Not just intelligent, but unimaginably and incomparably intelligent. Not just literate, but incredibly literate. We do know that she was renowned for her philosophical teaching and was a Neoplatonic spirit guide; hence, well-versed in the mathematics that provided a path to experience the numinous. She also knew the Chaldean Oracles and other mystic sources (Dzielska: 63)
10. "In the year 391, archbishop Theophilus acted on the orders of emperor Theodosius and tore down the Serapeum"
Mr Hehe got this right, although it was imperial troops that did the tearing down. Theophilus was certainly an enthusiastic cheerleader. The Serapeum sat upon the Acropolis of Alexandria at the head of a hundred steps. It had been used recently as a stronghold by pagan rioters who had slain several of Christian captives there in ritual sacrifice. Since this was not the first time rioters in Alexandria had used the temple as a redoubt, the emperor decided to have it torn down. Modern archeology reveals that only the temple itself was dismantled, not the colonnade.
11. "the Serapeum, which served as an annex for the long lost Library."
Bishop Epiphanius of Salamis wrote in AD 392 :
“And so the Scriptures, when they had been transferred to the Greek language, were placed in the first library, which was built in the Bruchion, as I have already said. But there was later also another library in the Serapeum, smaller than the first, which was also called its daughter, in which were placed the translations of Aquila, Symmachus, Theodotion, and the rest, two hundred and fifty years later."Whether the bishop meant by "daughter" what we mean by "annex" is problematical. It was called a daughter, not a sister. Perhaps some copies had been taken there during Aurelian's reunification war to save them from the conflagration. There need not have been any "institutional" continuity between the two.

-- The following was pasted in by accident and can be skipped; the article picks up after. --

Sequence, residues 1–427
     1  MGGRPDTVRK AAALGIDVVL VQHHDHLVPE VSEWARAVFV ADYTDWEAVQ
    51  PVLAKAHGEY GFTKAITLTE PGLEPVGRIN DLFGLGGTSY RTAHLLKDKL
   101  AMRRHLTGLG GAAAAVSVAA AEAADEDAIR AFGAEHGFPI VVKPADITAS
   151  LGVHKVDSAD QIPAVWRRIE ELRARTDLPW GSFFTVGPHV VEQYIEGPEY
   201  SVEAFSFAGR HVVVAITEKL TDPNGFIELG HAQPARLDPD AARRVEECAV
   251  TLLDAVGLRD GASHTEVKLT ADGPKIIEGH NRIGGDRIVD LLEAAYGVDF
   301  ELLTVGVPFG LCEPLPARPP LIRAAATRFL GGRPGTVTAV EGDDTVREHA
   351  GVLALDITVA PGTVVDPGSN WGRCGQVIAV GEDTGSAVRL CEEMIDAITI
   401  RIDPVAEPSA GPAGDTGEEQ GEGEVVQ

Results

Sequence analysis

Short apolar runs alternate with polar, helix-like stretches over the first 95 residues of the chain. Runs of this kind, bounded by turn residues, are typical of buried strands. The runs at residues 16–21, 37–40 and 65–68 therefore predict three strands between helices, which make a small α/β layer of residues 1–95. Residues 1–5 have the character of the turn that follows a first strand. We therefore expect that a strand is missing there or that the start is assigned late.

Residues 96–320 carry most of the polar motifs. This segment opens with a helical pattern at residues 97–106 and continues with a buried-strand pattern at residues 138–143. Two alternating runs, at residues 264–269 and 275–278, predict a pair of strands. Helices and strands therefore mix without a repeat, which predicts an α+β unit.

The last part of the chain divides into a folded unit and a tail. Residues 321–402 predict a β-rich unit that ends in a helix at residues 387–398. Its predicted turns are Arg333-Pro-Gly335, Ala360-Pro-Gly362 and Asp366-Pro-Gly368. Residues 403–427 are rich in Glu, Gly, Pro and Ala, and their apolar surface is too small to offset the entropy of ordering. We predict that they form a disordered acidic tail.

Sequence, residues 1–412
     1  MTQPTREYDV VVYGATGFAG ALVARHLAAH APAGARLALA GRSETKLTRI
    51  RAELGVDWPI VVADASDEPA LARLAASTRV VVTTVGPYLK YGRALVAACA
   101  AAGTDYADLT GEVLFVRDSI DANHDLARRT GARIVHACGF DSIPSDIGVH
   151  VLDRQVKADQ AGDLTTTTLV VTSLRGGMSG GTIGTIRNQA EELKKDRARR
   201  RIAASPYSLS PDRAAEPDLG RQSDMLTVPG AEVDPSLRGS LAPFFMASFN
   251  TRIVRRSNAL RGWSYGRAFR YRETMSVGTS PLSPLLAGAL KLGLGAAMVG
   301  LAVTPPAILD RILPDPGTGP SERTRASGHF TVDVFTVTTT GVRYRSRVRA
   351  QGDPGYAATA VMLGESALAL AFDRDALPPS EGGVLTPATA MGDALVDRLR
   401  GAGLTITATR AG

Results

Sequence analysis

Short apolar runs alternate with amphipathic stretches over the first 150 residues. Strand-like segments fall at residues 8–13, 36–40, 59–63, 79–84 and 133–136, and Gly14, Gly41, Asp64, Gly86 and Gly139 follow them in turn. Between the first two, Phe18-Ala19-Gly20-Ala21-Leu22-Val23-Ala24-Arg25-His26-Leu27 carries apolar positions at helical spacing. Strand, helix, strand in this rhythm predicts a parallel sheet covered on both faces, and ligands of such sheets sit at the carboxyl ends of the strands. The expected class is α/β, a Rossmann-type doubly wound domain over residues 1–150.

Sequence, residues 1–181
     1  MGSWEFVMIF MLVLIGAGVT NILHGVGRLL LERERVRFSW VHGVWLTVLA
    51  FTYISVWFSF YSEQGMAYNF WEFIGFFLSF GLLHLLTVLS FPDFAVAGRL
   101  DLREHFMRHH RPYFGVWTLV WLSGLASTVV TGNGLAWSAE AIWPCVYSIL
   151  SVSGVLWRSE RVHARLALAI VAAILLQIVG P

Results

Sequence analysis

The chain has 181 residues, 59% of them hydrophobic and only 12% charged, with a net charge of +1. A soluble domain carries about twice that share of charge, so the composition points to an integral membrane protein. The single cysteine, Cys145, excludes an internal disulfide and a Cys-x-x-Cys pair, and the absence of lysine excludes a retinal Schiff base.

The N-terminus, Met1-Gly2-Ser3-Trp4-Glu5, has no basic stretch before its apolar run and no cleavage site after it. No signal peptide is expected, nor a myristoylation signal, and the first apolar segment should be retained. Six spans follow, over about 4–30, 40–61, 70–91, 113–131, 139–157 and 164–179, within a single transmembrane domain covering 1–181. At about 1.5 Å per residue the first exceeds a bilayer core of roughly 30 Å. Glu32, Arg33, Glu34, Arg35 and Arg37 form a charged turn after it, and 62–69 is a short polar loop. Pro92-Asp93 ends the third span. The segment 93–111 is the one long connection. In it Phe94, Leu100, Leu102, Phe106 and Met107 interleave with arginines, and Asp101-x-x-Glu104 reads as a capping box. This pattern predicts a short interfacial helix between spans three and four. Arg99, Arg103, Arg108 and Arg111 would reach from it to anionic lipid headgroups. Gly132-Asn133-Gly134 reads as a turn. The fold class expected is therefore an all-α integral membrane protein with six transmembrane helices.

-- On Weights and Measures: III.48c, XI.53c
11. "...the long lost Library."
Mr Hehe got this right: the Royal Book Chests were long lost by this time.
The ancients cited the troops of Julius Caesar for the destruction. But Menecles of Barca wrote that Ptolemy Physkon (182-116 BC) expelled the scholars of the Museum for supporting his rival in a civil war, with the result that these “brought education to Greeks and barbarians elsewhere.” likely by taking many of the book chests with them as they fled. (This purge occurred after Hipparchus' claim about Eratosthenes' big library.) The Museum recovered, but its library probably never regained its former glory. Hence, Strabo’s apparent skepticism regarding its size.There is no unambiguous present-tense mention of the Royal Library after this time.
12. "This was very important because each and every scroll was a hand-written papyrus, many of which were cherished original copies."
Papyrus doesn't last long enough to have original copies in 391. They have to be copied over and over, or normal entropy will obliterate them. In AD 273, the entire Bruchion, including the Palace and Museum, was burned when Aurelian drove out the Palmyrenes; and in AD 365, a mere twenty-six years before the deconstruction of the Serapeum, a tsunami swept across the City, depositing ships up to two miles inland, even atop buildings (Ammianus: XXVI.10:16). Not many "original copies" would have survived these catastrophes.
13. "sadly the bitter civil war between monotheists and pagans led to the outright obliteration of much of the invaluable content."